Legal.online, Col. 49, March 1999Copyright 1999 Robert J. Ambrogi
Best Of The Web For Lawyers
Which are the best Web sites for legal professionals?
Each year, the newsletter legal.online assembles a panel of judges to pick The Best of the Web for Lawyers. Judges are asked to evaluate sites based on their overall impression of three factors: design, content and usefulness to lawyers.
Complete lists of winners and honorable mentions for this and past years are available on the Web at http://www.legalonline.com. What follows is a quick look at this year's best.
Morrison & Foerster, http://www.mofo.com.The front page is attractive and practical, featuring two sets of icons, one allowing quick movement to substantive firm information, and the other allowing easy access to tools for exploring and searching its site. The site's practice-area pages are particularly well organized -- with the latest practice-area news and a menu allowing the visitor to jump to related articles and publications, information on current cases, lists of practice-area attorneys, practice-area descriptions, calendars of related seminars and speaking engagements, and links to relevant outside sites. Another section offers similar information, organized instead by industry.
Procopio, Cory, Hargreaves & Savitch, http://www.procopio.com.Although not fond of the opening "splash" screen, which displays a welcome before automatically loading the index page, the judges liked the overall design of this 50-lawyer San Diego firm's site. The index page shows a picture of the firm's lobby, from which visitors can move to any of the substantive sections. This law-office motif is carried throughout -- links to articles and newsletters, for example, are displayed as law books, and links to practice-area pages are shown as file drawers. For those who dislike graphics, there is a complete textual site map.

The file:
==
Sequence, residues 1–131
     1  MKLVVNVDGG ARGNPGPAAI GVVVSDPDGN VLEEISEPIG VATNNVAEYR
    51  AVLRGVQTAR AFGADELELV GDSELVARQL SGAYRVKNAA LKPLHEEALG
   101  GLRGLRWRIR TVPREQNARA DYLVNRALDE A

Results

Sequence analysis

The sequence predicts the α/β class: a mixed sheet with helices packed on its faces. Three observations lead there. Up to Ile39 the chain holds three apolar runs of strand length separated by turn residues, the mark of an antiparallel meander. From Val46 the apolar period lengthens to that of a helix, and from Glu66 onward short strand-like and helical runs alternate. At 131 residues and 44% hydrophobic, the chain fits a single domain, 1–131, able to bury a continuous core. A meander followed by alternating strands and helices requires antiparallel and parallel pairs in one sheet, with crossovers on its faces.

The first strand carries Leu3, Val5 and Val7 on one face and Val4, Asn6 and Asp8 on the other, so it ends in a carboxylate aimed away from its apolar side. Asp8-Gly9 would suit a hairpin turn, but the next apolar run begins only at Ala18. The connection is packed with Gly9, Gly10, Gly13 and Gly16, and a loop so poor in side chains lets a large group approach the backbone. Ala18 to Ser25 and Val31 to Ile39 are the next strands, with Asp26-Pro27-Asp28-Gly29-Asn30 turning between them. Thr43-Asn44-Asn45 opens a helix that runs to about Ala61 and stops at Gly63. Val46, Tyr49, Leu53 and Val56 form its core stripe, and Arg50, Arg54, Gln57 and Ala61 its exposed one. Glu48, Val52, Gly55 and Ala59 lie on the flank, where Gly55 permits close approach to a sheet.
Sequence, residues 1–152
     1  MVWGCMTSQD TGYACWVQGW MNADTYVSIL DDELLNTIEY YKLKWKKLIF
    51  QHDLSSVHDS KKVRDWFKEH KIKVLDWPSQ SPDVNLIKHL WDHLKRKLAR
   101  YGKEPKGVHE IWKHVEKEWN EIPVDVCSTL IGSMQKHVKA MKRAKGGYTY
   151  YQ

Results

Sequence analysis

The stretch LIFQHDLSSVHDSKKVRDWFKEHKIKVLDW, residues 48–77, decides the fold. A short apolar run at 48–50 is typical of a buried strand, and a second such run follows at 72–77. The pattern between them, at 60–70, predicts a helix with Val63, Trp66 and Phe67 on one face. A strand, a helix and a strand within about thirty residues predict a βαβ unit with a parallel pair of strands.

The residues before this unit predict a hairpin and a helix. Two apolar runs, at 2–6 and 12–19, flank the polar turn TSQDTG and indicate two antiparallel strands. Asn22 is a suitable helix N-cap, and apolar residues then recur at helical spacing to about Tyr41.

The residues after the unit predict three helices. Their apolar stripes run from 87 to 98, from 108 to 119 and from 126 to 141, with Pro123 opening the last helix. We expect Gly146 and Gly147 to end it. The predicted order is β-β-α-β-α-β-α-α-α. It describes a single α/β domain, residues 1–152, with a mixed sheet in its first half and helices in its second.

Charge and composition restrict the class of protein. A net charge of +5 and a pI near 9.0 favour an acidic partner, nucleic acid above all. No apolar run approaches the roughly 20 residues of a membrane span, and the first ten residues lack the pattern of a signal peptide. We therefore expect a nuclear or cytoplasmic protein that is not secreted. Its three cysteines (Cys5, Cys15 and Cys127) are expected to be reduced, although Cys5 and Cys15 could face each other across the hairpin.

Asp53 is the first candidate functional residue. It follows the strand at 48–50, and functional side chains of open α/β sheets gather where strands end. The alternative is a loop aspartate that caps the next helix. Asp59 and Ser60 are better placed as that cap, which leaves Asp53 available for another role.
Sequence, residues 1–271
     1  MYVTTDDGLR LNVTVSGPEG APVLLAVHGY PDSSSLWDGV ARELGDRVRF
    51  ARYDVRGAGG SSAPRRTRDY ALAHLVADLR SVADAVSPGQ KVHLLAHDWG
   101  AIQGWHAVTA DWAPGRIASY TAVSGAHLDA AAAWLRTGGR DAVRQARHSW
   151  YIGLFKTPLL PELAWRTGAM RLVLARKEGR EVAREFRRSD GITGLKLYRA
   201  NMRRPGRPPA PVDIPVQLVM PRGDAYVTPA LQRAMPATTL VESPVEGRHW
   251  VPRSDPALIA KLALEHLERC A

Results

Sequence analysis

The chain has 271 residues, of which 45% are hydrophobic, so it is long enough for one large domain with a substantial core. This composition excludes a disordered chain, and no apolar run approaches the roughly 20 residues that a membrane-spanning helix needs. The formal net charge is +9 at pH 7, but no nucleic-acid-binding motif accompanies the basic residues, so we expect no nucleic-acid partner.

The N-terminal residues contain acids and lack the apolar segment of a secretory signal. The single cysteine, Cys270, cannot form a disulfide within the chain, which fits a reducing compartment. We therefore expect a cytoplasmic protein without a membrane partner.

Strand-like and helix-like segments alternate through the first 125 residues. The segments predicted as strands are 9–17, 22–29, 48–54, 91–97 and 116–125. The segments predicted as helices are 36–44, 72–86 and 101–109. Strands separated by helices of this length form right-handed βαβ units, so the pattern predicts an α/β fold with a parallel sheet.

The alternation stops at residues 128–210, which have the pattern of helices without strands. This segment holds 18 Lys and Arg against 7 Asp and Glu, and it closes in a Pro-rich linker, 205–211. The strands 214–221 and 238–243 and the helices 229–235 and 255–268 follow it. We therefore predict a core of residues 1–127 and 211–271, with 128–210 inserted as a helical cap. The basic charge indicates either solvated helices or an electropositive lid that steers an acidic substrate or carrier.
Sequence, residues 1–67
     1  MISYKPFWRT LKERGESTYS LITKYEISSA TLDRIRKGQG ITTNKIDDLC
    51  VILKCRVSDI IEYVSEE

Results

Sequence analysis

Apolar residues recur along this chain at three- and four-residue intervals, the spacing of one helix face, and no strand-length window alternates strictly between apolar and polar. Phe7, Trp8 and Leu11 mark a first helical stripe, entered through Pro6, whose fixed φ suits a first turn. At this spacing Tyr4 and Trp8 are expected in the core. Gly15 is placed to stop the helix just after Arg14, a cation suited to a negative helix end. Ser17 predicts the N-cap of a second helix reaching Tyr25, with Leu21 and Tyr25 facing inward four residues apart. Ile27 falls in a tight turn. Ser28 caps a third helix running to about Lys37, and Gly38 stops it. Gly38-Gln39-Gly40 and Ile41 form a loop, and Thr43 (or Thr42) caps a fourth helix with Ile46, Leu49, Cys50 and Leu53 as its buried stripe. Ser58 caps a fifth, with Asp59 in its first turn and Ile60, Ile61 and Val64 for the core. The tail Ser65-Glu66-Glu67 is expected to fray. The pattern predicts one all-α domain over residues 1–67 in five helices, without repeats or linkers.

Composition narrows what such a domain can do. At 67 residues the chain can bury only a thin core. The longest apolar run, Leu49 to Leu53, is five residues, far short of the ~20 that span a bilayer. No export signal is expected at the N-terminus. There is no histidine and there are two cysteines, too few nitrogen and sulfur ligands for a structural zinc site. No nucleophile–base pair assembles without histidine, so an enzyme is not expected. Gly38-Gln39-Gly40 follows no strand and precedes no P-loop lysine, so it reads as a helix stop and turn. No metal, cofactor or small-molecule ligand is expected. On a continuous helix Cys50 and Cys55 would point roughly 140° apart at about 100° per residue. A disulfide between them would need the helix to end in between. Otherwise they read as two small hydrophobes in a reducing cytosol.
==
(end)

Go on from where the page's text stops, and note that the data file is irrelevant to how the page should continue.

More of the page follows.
Oppedahl & Larson, http://www.patents.com.Nothing pretty about this site. It is substance, pure and simple. No graphics, no splash pages, just rich content covering the gamut of intellectual property law. The site is a virtual treatise, with detailed information about patents, copyrights, trademarks, trade secrets, computer law and what it calls "weblaw." Proof, once again, that content is key in Web design.
Legal Information Starting Point
FindLaw, http://www.findlaw.com.FindLaw has evolved into a multifaceted starting point for lawyers using the Web. Its core is a comprehensive index of links to resources in more than 30 practice areas as well as to case law, codes, legal associations, law reviews and more. Its "LawCrawler" is a unique search engine that provides greater precision than general search tools. Its libraries of court opinions and statutes feature the most extensive Supreme Court collection available free on the Internet. During 1998, it added legal news, free Web pages, and free e-mail.
Legal Research – Cases"V." contains opinions from the Supreme Court, all 13 federal circuits, and the appellate courts of all 50 states. Its archives date to 1930 for many states, to 1930 for most federal circuits, and to 1900 for the Supreme Court. Access costs $6.95 a month per attorney in the law firm (not per user).
Legal Research – Laws